How to maximize points while staying on budget

People ask me frequently how they can earn miles without getting lots of credit cards, and I’ll admit it’s pretty tough.  Flying, after all, isn’t a great way to earn miles (it takes too much time).  Many people are resistant to getting more credit cards for plenty of (absolutely legitimate) reasons: impending home/car purchase, don’t believe in it, don’t want to keep track of everything, etc.

I hosted a travel/points seminar late in 2013 to share secrets I’ve picked up along the way, and this was one of the most well-received: use credit cards to help you budget better.  Stay with me, Dave Ramsey fans.  What I’m going to tell you is obvious but odds are you haven’t thought of it this way before.

Category Bonus Multipliers

You probably have a credit card that gives you a bonus if you spend in certain categories.  Most airline cards, for example, will give you 2x the points for every dollar you spend with that airline.  Other cards, like my favorite, the Chase Sapphire Preferred, gives you multipliers for purchases at restaurants.  Another card I like, the American Express Premier Rewards Gold card, gives you 3x points for money spent on travel and 2x points spent at gas stations or grocery stores.

The grandaddy of them all in the category multiplier game is the Chase Freedom card, where you can earn 5x points (or 5% cash back) on categories that rotate quarterly (category rotation calendar located here).

So here’s what you do

If you have a card that gives you a category bonus, here’s how to use it to budget better.  I spend about $75/month on gasoline, occasionally up to $100.  It’s easy: I purchase a Shell gift card from a gas station for $100 at the beginning of the month with my American Express Premier Rewards Gold card.  I then toss that gift card in my glove compartment and leave the Amex at home so I’m not tempted to go all apocalyptical with my spending.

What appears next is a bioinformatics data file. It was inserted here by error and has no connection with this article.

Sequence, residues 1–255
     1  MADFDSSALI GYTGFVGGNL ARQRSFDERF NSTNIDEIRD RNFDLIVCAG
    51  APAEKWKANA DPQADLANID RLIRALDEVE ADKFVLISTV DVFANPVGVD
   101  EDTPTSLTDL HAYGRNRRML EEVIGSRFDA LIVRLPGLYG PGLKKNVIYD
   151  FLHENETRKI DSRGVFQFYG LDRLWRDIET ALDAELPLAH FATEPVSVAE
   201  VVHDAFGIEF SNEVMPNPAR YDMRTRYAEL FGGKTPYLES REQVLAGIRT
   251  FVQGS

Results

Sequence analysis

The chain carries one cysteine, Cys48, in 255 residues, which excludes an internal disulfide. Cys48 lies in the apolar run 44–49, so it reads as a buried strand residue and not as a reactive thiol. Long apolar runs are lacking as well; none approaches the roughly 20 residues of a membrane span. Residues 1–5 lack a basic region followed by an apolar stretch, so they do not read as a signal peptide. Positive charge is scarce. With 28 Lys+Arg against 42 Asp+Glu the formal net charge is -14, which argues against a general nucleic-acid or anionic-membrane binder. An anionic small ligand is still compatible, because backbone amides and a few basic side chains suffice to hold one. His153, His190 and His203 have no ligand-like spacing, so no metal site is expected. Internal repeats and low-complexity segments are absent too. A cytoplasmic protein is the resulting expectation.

Same thing for movies.  I don’t see movies that often, maybe one every other month.  I use the same Amex card for this one.  “But it doesn’t give a category bonus for movie theaters, do they?” I hear you saying, and you’re right.  But it does give a bonus for purchases at grocery stores.  You know what almost every grocery store in America has prominently displayed?  Gift cards.  Racks of them.  And some of them just so happen to be for movie theaters.  So I’ll pick up a few $25 gift cards and don’t worry about carrying my credit cards with me.

A great, consistent multiplier out there is Chase Sapphire Preferred’s First Friday promotion.  Normally you’ll earn 2x the points for dolalrs spent at restaurants, but the First Friday of every month you earn 3x.  So, what do you do?  Is there a restaurant you find yourself eating at fairly often?  I bet they’ll sell you a gift certificate.  And I bet they’ll sell you that gift certificate on the first Friday of the month.

Business cards are a great way of capitalizing on these opportunities as well.  Many business cards give 5x the points for money spent at office supply stores like Office Depot and Staples.  Very similar to grocery stores, most office supply stores will have a gift card display with plenty of different gift cards from which to choose.

Wrapping it up

Just like a budget, when my gift card balances run out, I don’t do any more of that thing until the next month.  This way you get all of the convenience of using a credit card without having to carry one with you.  If credit cards make you uncomfortable, there’s no judgment here.  Leave them at home so you’re not tempted to spend money with them.  But instead of an envelope system or carrying around a lot of cash, use the tips above to maximize the points-earning potential of your budget.

 

(Disclosure: none of the above companies have a financial relationship with this blog.  They have not read, endorsed, or provided editorial oversight regarding the content of this post.  Always consult your financial advisor before making important financial decisions.  Andy’s Travel Blog and its staff are not responsible for any misuse or overuse of credit cards resulting from information provided herein.)

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